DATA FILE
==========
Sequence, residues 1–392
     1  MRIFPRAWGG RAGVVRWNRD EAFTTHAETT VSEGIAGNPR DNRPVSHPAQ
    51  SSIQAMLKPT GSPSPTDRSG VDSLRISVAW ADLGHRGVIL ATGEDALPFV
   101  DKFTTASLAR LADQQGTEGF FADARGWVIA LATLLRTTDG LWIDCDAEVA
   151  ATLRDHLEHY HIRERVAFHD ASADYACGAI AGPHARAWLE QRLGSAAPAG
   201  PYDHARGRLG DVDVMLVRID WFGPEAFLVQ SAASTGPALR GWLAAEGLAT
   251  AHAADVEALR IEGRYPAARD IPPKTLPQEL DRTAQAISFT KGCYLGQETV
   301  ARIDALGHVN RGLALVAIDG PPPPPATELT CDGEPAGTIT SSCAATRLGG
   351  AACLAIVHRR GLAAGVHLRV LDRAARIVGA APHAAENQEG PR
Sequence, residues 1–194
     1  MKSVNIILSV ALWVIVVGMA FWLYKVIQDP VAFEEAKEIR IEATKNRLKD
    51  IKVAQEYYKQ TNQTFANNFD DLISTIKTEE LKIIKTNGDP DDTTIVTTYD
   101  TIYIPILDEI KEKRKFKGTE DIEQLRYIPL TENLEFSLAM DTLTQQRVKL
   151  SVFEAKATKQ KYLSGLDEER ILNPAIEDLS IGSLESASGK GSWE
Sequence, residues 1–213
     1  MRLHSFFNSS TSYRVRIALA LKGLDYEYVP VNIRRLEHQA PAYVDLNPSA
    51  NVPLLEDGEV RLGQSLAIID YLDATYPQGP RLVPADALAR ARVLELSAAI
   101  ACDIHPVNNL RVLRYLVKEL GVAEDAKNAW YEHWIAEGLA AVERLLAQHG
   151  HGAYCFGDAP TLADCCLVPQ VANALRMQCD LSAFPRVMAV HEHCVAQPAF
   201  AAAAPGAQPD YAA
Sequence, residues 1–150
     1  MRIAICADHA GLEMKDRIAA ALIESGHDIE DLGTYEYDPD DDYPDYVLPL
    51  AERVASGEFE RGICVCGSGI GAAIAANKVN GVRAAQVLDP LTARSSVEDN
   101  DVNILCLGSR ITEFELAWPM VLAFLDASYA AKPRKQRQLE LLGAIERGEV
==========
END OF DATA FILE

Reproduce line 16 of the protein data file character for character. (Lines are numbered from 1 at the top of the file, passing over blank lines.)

     1  MRLHSFFNSS TSYRVRIALA LKGLDYEYVP VNIRRLEHQA PAYVDLNPSA